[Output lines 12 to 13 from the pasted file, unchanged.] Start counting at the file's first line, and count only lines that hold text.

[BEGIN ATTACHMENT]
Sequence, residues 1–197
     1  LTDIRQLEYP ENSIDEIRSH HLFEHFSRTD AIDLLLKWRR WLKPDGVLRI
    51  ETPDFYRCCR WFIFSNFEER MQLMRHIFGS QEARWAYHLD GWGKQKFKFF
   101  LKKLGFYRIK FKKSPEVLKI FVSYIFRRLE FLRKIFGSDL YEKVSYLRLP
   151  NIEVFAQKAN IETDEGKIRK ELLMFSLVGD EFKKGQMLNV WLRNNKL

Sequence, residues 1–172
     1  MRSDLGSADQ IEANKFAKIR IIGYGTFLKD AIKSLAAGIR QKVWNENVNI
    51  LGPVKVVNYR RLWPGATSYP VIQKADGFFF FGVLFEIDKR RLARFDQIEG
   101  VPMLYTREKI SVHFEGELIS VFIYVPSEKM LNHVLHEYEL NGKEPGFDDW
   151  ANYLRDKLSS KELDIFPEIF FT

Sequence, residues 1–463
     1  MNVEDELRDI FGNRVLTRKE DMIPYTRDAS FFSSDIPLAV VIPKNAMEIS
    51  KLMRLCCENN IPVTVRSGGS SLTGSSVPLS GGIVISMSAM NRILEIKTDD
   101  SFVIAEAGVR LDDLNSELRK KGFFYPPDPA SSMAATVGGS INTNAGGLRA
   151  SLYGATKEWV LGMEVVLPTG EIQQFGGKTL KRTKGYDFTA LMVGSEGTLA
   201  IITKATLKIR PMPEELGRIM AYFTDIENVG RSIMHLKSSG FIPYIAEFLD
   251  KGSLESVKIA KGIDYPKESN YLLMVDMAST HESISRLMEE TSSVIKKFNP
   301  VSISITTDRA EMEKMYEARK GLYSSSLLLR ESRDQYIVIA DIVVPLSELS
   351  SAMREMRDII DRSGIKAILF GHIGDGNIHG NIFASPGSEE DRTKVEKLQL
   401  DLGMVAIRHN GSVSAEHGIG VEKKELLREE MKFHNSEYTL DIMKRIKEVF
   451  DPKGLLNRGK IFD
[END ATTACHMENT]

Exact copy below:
     1  MNVEDELRDI FGNRVLTRKE DMIPYTRDAS FFSSDIPLAV VIPKNAMEIS
    51  KLMRLCCENN IPVTVRSGGS SLTGSSVPLS GGIVISMSAM NRILEIKTDD